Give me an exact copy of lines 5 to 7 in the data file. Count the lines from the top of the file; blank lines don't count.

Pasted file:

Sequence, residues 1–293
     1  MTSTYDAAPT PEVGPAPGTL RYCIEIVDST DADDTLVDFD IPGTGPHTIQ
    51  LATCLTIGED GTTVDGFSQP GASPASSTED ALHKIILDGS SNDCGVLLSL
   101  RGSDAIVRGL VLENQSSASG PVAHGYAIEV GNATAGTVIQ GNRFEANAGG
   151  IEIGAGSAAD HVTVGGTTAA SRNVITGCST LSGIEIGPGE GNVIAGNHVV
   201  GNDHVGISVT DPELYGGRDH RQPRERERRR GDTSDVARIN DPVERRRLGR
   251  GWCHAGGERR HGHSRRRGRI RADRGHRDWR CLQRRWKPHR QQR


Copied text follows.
   151  IEIGAGSAAD HVTVGGTTAA SRNVITGCST LSGIEIGPGE GNVIAGNHVV
   201  GNDHVGISVT DPELYGGRDH RQPRERERRR GDTSDVARIN DPVERRRLGR
   251  GWCHAGGERR HGHSRRRGRI RADRGHRDWR CLQRRWKPHR QQR